If we map this against Burroughs and his letters, we can see how the arrangement of Character Analysis follows his adoption of “Reichian” ideas to such an extent that we may assume he was applying them, step-by-step, as he slowly read through the book.
The term “character armour” is adopted early on. This appears to be in the air at the time – Ginsberg and Kerouac are using it, as are others – it appears to having been popularised through the media and/or word of mouth such that people who never read Reich were quite content to use it as a term.
A bit like when everyone starting using the word “memes” despite few knowing it came from Dawkins.
It’s in the late ‘40s when he starts doing “Reichian analysis” on his friends. This “analysis” does appear to take the form of feeling pelvis muscles or applying blue lights, and so me might assume he is only early on in the book. He is essentially psychoanalysing his friends, only with personality types added on.
This early section of Character Analysis even has a handy “character types” list. The sort of thing that Burroughs, in his practical Missourian manner, was always drawn to, and would have quite enjoyed applying.
When he’s writing Junky, early manuscripts are filled with orgone/bio-energetic theorising. It underlies the “dead” voice of the narrator (a fusion of pulp and Burroughs’ own personal experience of drugs with the Reichian theory that would explain it). Here we’re into the final third of Character Analysis, where repression = paralysis = orgone deficiency.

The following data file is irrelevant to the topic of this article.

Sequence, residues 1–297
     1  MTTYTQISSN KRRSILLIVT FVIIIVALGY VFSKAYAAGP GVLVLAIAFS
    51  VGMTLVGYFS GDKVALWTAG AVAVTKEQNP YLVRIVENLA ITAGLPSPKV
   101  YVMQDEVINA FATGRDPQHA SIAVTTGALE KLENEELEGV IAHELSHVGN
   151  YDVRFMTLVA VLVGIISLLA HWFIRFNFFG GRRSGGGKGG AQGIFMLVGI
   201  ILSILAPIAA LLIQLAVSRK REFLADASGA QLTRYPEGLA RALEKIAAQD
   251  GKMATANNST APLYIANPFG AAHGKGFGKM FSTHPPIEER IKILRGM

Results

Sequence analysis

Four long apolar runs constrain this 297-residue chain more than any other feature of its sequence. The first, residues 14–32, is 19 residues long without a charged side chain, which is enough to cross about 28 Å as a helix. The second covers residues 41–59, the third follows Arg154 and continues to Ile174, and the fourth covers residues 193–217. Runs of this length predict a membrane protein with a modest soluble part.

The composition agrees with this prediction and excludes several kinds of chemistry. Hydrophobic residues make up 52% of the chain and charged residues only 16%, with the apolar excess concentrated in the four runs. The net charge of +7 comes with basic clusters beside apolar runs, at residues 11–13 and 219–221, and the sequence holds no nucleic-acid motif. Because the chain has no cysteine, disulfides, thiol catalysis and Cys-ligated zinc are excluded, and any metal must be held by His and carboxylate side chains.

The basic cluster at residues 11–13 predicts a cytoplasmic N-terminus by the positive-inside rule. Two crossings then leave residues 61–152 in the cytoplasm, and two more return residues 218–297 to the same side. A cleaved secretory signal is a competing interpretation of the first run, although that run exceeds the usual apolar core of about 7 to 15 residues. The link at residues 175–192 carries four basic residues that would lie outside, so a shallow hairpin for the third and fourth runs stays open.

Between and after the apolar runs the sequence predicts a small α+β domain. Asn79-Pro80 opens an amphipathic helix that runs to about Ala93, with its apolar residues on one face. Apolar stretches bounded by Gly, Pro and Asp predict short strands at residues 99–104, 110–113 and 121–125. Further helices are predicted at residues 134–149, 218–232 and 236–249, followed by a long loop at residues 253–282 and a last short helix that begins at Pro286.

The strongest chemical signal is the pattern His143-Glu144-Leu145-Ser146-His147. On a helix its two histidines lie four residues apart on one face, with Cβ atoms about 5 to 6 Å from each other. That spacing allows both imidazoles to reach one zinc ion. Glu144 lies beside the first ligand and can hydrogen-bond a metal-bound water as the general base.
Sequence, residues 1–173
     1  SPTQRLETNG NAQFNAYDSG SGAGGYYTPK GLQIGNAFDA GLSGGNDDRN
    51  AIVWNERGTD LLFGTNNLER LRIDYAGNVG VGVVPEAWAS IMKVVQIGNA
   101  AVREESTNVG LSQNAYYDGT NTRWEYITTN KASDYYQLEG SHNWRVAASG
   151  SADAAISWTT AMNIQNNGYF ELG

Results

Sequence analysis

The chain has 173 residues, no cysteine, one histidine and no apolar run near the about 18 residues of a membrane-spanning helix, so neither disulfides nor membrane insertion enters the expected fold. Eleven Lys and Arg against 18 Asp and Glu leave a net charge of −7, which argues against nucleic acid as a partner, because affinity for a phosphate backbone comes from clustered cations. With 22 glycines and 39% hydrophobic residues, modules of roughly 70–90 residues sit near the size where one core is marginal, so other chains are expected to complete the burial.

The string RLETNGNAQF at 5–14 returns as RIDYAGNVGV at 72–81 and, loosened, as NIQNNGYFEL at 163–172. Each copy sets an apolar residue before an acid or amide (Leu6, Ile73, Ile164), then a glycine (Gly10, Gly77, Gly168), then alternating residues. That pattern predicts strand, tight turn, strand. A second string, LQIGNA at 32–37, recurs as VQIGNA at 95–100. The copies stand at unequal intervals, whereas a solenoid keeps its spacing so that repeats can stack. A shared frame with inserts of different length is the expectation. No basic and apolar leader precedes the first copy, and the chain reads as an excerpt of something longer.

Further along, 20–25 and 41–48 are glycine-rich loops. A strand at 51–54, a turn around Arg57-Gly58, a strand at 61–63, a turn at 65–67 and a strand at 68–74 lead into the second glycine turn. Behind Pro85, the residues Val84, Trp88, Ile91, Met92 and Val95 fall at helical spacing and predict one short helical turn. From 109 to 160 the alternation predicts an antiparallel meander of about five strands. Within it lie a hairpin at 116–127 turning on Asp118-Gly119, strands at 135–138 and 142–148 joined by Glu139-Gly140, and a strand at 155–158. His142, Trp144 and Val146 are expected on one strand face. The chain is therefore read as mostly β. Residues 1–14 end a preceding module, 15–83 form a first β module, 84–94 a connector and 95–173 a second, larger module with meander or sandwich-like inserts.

I might be able to do a sustained analysis here of Junkie and the Reichian implications of its language. I’d also like to access these earlier manuscripts to read the theoretical elements described in Burroughs’ letter, but I don’t know where they are or whether I could really afford to get at them.
Later, when he gets down to Texas, and then Mexico, when his interest in libertarian ideas mingles with Reich’s ideas. This suggests he’s reached the “Emotional Plague” section of the book, where sexual yearning becomes a “cosmic yearning” and, politically, it’s argued that nobody has any right to impose a way of life upon anyone else.
It’s with this in mind that Burroughs heads down South in search of yage. The talk of “schlupping”, and the idealisation of Lewis Marker, which end up in Queer, are perhaps Burroughs’ final attempt to marry the sexual content of Reich’s theorising with the cosmic, transcendental, orgone-bioenergetic material of his later years.
The failure of the Queer expedition, even in terms of literature (the book wasn’t published until much later, and at that point Burroughs was highly uncomfortable about it and would probably have preferred it to be forgotten), perhaps marks the end of Burroughs’ utopian Reichianism. After that point, Reich is still omnipresent for a while, and partially present for the rest of Burroughs’ life, but we really only see it in its apocalyptic forms (the great deluge trope) and its transcendental forms (his ideas on psychic space travel).
In conclusion, I don’t think it’s any understatement to say that one needs to have read Character Analysis if one is to understand Burroughs at all. Not that academics care about understanding authors these days anyway… not when they have theory to blag their way through.